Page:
Yos Riady software craftsman 🌱

Syntactic Extension with Elixir Macros

Syntactic Extension with Elixir Macros

An Elixir program can be represented by its own data structures as an abstract syntax tree (AST) of tuples with three elements. For example, the function call run(1, 2, 3) is represented internally as:

{:run, [], [1, 2, 3]}

Macros in Elixir lets you perform syntactic extensions, which are expanded to before a program executes. We use macros to transform our internal program structure by treating code as data, and thus metaprogram.

Many of Elixir’s language features such as if and def are in fact macros, which are translated away into lower-level abstractions during compilation. Armed with the same tools that José utilized to write Elixir’s standard libraries, you can extend Elixir to suit your needs using macros.

defmodule MyModule do
  defmacro macro(code) do
    IO.inspect code
    code
  end
end
iex> require MyModule
iex> MyModule.macro((1+2)* 3)
{:*, [line: 3], [{:+, [line: 3], [1, 2]}, 3]}
iex> MyModule.macro(IO.puts("Sup"))
{ {:., [line: 4], [{:__aliases__, [counter: 0, line: 4], [:IO]}, :puts]},
 [line: 4], ["Sup"] }

In the snippet above, we defined a macro with defmacro, and take in a block of code as arguments. Macros in Elixir transforms the block of code into its internal Abstract Syntax Tree (AST) representation, which is a nested tree of triples (3-size tuples.) When the macro macro returns code, that internal representation is injected back into the global program’s compile tree. In the above example, we just return code unmodified.

What’s most useful here is that we can modify that internal representation before returning, transforming it into a completely different piece of code. We can have both performant and concise code by hiding away low-level optimizations within high-level macros.

defmodule MyModule do
  defmacro macro(code) do
    IO.inspect code
    newcode = quote do: IO.puts "Whatever."
    IO.inspect newcode
    newcode
  end
end
iex> MyModule.macro((1+2)* 3)
{:*, [line: 10], [{:+, [line: 10], [1, 2]}, 3]}
{ {:., [], [{:__aliases__, [alias: false], [:IO]}, :puts]}, [], ["Whatever."]}
Whatever.
:ok

Note that code was never executed/evaluated, only the returned newcode was executed.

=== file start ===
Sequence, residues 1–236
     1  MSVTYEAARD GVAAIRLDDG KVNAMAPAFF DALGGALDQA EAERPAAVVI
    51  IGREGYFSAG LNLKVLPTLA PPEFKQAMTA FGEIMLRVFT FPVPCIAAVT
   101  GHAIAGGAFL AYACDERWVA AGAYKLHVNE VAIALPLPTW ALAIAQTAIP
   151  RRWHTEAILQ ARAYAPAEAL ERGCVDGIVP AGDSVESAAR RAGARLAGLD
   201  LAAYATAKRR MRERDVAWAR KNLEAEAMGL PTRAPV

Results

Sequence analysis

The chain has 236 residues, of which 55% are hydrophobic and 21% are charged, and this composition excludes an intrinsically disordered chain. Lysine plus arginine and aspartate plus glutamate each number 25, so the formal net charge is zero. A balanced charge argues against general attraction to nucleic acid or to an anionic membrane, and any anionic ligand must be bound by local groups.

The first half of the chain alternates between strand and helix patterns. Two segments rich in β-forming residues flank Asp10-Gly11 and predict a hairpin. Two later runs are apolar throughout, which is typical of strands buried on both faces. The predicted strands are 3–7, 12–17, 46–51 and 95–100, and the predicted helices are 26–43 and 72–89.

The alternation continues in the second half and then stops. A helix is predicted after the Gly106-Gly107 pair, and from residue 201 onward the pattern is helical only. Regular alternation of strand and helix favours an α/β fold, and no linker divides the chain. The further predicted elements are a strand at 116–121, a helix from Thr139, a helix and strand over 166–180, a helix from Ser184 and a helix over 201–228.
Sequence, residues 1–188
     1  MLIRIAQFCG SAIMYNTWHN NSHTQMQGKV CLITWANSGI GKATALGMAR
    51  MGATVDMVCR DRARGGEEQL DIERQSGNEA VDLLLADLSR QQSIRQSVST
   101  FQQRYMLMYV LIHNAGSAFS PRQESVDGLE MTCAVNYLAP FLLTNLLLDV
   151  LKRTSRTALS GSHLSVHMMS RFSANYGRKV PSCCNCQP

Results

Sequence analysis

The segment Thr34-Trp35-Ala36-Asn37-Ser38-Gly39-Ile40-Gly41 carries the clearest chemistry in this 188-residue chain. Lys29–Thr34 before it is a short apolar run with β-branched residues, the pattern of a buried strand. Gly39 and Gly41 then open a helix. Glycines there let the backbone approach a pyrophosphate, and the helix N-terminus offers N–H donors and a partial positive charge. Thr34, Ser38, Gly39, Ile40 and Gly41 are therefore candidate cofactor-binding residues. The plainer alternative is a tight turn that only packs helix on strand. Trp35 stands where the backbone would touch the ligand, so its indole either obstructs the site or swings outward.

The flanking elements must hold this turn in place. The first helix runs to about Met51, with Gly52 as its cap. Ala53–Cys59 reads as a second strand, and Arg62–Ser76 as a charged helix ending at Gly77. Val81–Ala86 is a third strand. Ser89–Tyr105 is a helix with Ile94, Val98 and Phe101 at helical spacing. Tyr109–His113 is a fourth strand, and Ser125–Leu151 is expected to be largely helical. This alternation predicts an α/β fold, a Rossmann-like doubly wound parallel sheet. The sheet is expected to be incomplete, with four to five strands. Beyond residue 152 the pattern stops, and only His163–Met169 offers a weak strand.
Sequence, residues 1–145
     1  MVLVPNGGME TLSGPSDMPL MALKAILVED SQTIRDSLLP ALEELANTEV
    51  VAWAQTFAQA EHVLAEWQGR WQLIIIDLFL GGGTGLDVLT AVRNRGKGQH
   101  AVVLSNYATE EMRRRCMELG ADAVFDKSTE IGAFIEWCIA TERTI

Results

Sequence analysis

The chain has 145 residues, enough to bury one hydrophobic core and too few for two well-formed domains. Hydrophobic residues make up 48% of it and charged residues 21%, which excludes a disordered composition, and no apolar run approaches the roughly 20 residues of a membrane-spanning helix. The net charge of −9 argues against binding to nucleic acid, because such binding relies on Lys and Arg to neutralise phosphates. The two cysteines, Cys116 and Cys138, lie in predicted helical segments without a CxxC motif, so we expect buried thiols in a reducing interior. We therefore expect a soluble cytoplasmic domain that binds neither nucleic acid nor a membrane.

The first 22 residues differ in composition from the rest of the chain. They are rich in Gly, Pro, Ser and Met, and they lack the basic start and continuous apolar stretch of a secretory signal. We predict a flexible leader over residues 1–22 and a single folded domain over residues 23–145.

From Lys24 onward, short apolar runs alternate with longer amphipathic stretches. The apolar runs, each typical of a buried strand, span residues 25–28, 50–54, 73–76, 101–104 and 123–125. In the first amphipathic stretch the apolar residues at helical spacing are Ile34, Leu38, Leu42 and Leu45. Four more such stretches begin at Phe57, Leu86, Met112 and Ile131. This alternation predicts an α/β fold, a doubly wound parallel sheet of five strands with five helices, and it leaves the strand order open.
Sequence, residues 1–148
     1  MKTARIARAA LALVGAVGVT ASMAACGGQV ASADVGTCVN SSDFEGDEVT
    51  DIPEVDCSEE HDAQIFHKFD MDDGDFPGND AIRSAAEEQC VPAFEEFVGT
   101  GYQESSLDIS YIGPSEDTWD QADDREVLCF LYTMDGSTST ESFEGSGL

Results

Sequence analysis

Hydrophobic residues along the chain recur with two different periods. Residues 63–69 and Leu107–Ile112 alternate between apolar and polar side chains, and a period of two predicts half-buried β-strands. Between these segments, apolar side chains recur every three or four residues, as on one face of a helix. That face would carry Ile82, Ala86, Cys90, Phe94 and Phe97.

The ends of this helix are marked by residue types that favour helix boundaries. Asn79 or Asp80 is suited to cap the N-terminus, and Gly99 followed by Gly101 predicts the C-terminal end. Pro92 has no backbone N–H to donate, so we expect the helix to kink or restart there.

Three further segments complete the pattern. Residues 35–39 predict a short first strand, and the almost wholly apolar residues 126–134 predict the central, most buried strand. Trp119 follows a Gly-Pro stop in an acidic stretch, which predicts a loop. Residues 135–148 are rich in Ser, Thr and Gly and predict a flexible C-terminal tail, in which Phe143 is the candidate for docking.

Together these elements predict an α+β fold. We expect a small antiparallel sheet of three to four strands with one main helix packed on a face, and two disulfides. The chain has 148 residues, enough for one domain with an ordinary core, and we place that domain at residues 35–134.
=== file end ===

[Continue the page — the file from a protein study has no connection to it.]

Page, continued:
quote lets us transform a block of code into its internal AST representation. Internally, defmacro calls this method to passed in parameters.

In the example above, we return a new internal representation newcode instead of the original code. Running the macro on any block of code results in the insertion and execution of our newcode.

What if we want to evaluate a code block? unquote lets you defer execution of the code block it receives, only running it when the code generated by quote is executed. You can only use unquote inside quote blocks.

Here’s an example:

defmodule MyModule do
  defmacro macro(code) do
    IO.inspect code
    quote do
      result = unquote(code)
      IO.inspect result
      case result do
        val when is_number(result) -> result
        _ -> IO.puts "Not a number"
      end
    end
  end
end
iex> MyModule.macro(1+2*3)
{:+, [line: 40], [1, {:*, [line: 40], [2, 3]}]}
7
7
iex> MyModule.macro("Hello" <> " world")
{:<>, [line: 42], ["Hello", " world"]}
"Hello world"
Not a number
:ok

In the above example, we evaluate code using unquote and use its result to perform some computation dispatched via pattern matching.

You can find more examples of macros in Phoenix and ExUnit.

In Closing

Macros lets you grow from a language consumer to a language creator. Elixir’s Open Language takes a step forward from Open Classes in Ruby. Armed with the same tools that José utilized to write Elixir’s standard libraries, you can extend Elixir to suit your needs, with features that are as first-class as if and def.

Additional reading:

Author

Yos is a software craftsman based in Singapore.

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